Stockholm’s city council has voted to ban adverts deemed sexist or racist from public billboards in the Swedish capital.
Under the new law, due to come into effect within a month, authorities can remove any material which presents women or men as sex objects or shows a stereotypical image of gender roles.
Green Party deputy mayor and architect of the legislation, Daniel Hellden, said he hoped city authorities would not need to enforce the law.
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“Maybe the companies won’t put up ads which are sexist or objectifying if they know we’re going to remove them after 24 hours," he said. "So, if it’s working well, we won’t have to use this legislation.”
But the law has come under fire from the Association of Swedish Advertisers, which fears a ban will increase red tape and curb freedom of expression, the BBC reports.
Its chief executive, Anders Ericson, argues that despite complaints from what he describes as “a really strong group of feminists”, Sweden is already doing “a really terrific job” in self-regulation.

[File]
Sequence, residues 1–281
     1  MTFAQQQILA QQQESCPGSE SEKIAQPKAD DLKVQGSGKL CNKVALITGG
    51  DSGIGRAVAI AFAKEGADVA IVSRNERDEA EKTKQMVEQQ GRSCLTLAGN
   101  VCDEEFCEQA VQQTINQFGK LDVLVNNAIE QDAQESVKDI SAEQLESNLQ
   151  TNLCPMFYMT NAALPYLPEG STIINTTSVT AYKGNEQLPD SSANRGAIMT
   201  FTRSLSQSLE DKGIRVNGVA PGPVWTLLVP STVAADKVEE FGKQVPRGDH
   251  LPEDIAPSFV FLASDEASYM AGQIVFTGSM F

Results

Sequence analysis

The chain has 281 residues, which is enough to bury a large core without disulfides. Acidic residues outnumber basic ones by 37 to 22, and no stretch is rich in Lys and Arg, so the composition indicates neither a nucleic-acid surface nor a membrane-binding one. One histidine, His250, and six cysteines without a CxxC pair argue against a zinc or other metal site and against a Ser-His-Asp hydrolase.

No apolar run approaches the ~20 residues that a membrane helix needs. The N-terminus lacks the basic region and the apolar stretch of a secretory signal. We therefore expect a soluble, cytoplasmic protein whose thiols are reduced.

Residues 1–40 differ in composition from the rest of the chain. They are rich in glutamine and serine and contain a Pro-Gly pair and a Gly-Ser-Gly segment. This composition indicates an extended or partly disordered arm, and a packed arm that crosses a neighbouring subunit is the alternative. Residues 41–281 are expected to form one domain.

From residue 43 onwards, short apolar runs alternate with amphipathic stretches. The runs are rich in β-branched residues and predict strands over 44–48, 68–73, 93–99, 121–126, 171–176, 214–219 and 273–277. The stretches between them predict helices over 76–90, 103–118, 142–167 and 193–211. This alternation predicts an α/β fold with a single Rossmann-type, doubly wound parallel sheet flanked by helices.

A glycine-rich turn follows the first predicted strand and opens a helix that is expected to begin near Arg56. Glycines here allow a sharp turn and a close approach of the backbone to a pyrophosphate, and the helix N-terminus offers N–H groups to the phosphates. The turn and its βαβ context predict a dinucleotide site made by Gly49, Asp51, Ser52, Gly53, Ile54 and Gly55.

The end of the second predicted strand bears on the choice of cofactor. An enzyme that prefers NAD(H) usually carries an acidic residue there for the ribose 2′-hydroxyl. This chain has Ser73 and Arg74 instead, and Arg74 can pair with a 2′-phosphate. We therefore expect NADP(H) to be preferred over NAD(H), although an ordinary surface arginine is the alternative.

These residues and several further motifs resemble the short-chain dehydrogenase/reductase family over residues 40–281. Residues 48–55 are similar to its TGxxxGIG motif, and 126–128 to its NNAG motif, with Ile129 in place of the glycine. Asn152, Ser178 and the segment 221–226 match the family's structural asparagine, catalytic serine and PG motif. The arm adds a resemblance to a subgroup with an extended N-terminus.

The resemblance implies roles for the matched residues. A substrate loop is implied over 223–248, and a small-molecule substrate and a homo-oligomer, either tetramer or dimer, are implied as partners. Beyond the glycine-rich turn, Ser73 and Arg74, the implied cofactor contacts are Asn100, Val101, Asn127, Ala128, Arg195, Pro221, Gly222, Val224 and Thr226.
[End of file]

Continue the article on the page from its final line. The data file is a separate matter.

Sweden is regularly ranked near the top of global gender equality indexes, but a 2016 study by the non-partisan Swedish Women's Lobby labelled it the “worst Nordic country” at tackling sexism in advertising, The Local reports.
The legislation follows similar crackdowns in other European cities, including Paris and Geneva. In 2016, adverts promoting negative body images were banned across the transport network in London.
The latest move was welcomed by feminist campaigners in the UK, including Lucy-Anne Holmes, founder of the No More Page 3 campaign.
“It’s brilliant,” she told Broadly. “Images are powerful and sexist ads are damaging and also very dull.”
“This feels like a step in the right direction, although it is shame that legislation is needed,” Holmes added. “You would hope we would be beyond sexist ads by now.”
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